by John Hawks (624818) on Tuesday December 11, 2007 @08:34AM (#21654541)
    Good comment.

    Here's the answer: natural selection takes initially rare mutations and magnifies them to large numbers, spreading them to most of the population rapidly. Our survey was looking at things between 20 and 80 percent frequency in living populations. That means that the average person has around half the new selected mutations, even though each mutation is very recent. As a result, genetically today's people really are radically different than the average person living 5,000 years ago -- it's within the last 5000 years we are seeing the most rapid change in frequency of these new alleles.

    This rapid evolutionary change has also been skeletal -- bodies really have changed during this time period. But the skeletal changes are just the tip of the iceberg -- most of the changes are metabolic, or pathogen-host interaction, or brain development -- things we will never see from the archaeological record.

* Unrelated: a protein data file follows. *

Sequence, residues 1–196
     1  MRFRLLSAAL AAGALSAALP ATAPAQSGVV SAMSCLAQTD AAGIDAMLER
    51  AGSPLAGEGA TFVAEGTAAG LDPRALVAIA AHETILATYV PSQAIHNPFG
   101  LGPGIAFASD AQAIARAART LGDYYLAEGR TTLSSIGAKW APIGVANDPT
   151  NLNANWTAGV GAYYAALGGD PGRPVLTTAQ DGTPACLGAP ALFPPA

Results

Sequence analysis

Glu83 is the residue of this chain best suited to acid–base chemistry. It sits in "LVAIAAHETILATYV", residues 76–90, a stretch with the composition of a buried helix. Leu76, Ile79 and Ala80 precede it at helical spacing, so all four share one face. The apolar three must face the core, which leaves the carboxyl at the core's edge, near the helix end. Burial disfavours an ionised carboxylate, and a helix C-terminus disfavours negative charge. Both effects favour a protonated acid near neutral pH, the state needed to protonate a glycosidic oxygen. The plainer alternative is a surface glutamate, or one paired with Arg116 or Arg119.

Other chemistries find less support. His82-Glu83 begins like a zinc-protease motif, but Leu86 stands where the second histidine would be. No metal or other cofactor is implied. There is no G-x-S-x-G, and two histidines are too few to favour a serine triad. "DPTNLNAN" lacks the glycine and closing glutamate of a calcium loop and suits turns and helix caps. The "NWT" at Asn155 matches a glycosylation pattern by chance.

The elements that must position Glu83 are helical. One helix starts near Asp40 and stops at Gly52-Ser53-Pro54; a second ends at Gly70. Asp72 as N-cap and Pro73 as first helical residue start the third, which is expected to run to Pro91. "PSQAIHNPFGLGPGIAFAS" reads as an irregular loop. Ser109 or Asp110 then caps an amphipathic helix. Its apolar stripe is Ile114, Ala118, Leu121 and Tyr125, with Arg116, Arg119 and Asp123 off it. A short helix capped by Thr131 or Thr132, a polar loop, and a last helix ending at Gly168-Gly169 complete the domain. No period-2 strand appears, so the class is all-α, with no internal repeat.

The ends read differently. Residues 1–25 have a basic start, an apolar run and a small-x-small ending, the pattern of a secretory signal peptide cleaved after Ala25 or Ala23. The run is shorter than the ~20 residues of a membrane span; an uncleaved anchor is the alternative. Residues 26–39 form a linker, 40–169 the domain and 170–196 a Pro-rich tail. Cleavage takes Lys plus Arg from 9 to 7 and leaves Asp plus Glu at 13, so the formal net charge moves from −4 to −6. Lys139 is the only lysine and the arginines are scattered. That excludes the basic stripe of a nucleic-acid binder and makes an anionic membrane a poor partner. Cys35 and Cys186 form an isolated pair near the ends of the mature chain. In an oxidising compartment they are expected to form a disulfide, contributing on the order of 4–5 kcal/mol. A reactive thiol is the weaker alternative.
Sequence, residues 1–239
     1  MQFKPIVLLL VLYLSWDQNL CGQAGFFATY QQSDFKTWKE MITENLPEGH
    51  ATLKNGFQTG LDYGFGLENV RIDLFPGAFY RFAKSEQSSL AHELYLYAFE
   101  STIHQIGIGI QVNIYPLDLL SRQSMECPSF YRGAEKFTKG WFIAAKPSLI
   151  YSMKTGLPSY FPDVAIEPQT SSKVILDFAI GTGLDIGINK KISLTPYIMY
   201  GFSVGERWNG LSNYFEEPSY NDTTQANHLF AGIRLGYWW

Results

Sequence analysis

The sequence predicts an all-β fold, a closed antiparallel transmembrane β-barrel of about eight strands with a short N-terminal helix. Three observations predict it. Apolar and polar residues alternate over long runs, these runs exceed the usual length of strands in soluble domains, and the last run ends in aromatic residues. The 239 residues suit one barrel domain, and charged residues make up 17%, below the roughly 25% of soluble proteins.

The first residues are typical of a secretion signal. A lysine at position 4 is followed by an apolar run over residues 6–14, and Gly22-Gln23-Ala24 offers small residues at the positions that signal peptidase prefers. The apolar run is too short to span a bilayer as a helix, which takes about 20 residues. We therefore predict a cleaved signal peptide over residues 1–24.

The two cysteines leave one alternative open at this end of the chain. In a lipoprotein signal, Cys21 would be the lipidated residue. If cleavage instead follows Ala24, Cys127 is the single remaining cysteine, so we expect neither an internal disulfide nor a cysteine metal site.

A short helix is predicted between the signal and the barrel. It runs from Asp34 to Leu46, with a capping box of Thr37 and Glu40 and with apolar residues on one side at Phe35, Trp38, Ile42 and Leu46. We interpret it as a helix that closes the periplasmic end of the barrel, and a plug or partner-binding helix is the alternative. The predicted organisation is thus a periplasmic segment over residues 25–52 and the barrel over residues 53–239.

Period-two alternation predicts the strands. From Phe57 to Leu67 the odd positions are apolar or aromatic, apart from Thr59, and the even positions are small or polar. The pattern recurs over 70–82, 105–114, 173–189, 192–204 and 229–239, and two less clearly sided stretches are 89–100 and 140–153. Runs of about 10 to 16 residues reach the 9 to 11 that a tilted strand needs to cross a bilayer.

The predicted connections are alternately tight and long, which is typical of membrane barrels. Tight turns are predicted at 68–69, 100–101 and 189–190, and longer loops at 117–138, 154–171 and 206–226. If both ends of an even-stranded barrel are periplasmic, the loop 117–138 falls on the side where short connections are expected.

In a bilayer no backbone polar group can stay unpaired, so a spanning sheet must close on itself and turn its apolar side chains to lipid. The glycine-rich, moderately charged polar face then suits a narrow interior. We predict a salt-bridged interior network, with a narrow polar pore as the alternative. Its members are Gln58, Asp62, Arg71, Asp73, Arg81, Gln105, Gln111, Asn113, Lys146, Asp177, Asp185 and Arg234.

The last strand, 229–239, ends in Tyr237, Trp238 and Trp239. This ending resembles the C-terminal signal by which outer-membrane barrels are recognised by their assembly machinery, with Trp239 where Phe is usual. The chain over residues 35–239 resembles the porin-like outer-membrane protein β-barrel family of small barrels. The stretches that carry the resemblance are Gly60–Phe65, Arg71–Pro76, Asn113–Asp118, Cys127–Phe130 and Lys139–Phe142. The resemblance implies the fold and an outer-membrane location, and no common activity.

• by John Hawks (624818) on Tuesday December 11, 2007 @08:40AM (#21654609)
    In terms of number of selected variants, the three populations in the HapMap are quite similar -- each has around 3000 new selected variants by our measures. Few of these are shared, because these recent things haven't had time to spread. Of the things that aren't shared, some of them probably have parallel phenotypic effects.

    For example, skin pigmentation genes causing lighter skin in Europeans are largely different from those in East Asians, even though they have the same general effect. Still, some specific effects, like hair pigmentation, may be quite different.